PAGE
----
The farms offer several different fruits to pick, including strawberries, kiwis, and olallieberries, which is what we went for. Now, I’m sure that many of you are wondering, “What’s an olallieberry? Did she make that up?” Trust me, I got that question from many of my friends as well. I only learned about olallieberries a few years ago, so to learn that I could pick them myself was a thrilling discovery!

Olallieberries are a cross between loganberries and youngberries, also berries that sound like they’ve been dreamed up in a farmer’s fervid imagination. Loganberries are a cross of blackberries and raspberries, while youngberries are a cross of blackberries and dewberries. So really, this gives the olallieberry a remarkably impressive pedigree – they’re kind of the ultimate berry! In reality, they are truly wonderful; surprisingly large (some almost half the length of my thumb), plump, wine-dark, and delicious. They taste similar to blackberries, although perhaps not quite as tart – some of the very ripe ones I ate right off the vine were like nectar.

Olallieberries are mostly found on the west coast and enjoy a very brief season, mostly from June to July, so it was lovely to take advantage of them while they were in full flower. There were quite a few families at the farm as well – berry picking followed by a picnic seems an ideal plan for a lazy weekend.

Swanton-wagons

Wagons and carriers to hold your precious cargo.

Swanton-fields

Rows of olallieberry vines.

Swanton-vines

Olallieberries look quite similar to blackberries.

 Swanton-berry-hand

Berry picking can be a delightfully messy business – the juice that squirts out of overripe olallieberries is a shockingly vibrant fuschia- purple.

Berry-napoleon

So, what to do with your bounty of berries? One of the great things about going to u-pick farms, naturally, is that the fruit costs a lot less than if you buy it at the store. If you want to make jams, jellies, pies, anything that requires large amounts of fruit, there’s no small amount of satisfaction to be found in going home with a box full of berries that cost you about as much as a couple of small containers’ worth from the grocery would- and you can boast that you harvested them yourself!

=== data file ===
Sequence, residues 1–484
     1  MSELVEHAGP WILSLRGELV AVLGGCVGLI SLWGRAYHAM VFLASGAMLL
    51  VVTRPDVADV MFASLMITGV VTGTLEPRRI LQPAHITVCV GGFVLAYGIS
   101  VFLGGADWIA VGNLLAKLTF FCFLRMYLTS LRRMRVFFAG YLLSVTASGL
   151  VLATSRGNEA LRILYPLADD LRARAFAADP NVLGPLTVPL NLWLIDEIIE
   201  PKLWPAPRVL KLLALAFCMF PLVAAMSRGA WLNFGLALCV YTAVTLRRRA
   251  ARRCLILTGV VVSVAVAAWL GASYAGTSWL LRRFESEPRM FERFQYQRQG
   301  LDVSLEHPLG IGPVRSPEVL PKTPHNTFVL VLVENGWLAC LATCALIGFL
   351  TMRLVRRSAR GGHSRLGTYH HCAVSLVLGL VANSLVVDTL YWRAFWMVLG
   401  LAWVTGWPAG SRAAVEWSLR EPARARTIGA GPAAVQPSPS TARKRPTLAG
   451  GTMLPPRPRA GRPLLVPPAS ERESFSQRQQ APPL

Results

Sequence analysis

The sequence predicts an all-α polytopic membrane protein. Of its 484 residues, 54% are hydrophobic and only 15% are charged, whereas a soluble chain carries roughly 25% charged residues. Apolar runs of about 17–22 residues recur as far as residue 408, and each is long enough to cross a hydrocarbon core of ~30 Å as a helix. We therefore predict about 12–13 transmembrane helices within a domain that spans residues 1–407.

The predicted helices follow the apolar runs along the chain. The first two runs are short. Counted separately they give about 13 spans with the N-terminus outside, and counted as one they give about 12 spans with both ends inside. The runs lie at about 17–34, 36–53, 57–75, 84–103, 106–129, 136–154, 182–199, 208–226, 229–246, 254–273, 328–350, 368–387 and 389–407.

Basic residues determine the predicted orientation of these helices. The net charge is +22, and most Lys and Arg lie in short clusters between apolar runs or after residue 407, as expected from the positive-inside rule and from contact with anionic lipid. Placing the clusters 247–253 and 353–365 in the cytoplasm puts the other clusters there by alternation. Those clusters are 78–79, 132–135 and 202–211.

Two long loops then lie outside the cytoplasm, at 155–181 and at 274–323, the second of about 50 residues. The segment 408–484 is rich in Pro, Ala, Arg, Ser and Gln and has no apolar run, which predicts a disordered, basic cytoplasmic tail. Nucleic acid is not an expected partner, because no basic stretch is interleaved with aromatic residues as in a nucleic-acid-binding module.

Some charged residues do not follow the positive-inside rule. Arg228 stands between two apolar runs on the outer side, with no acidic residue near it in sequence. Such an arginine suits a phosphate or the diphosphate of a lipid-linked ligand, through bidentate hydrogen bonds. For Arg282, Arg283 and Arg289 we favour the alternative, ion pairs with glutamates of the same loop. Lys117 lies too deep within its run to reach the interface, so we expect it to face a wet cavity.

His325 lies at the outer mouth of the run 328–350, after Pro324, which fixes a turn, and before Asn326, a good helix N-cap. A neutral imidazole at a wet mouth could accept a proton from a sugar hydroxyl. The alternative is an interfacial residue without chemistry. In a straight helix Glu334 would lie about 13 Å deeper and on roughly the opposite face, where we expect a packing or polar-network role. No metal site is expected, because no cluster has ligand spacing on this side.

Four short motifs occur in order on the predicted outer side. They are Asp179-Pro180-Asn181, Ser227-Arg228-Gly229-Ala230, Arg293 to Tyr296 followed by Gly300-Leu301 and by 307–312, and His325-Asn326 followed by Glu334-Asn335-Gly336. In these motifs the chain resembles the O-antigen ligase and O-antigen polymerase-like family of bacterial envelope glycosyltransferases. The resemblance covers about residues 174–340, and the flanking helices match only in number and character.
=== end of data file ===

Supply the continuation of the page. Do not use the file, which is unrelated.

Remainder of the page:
One of my companions is a dedicated jam-maker and presented me with a beautiful jar of deep-purple jam the next week. I went the other direction and reciprocated with a trio of berry desserts: that huckleberry and fig tart that I fell in love with last year worked wonderfully with the olallieberries, an olallieberry and shorbread napoleon, and some olallieberry and white tea cupcakes.

If you don’t have olallieberries where you are, be assured that you can substitute any similar berry, like blackberries, blueberries, raspberries, huckleberries, with outstanding results. After all, these desserts are meant to showcase the berries of the season!

The olallieberry and orange shortbread napoleons are taken from Claudia Fleming’s The Last Course – her recipe, which featured blackberries, orange shortbread, and crème fraîche, always sounded tempting to me. Since this post seems to be DIY-themed, I’ll note that the wavy shape of the shortbread wafers came from me. I couldn’t find a cookie cutter with the shape I had in mind, so I just made a template out of card stock (I’m normally not a very crafty person, so I’m ridiculously pleased with this!). Although I did a triple-layer napoleon, the shortbread is quite buttery and rich, so I think two layers would probably be sufficient to allow one to enjoy both the berries and the cookie. The floral, orange-scented whipped cream also adds to the summer-garden tea-party feel of this des sert. A beautiful way to show off your fresh berries.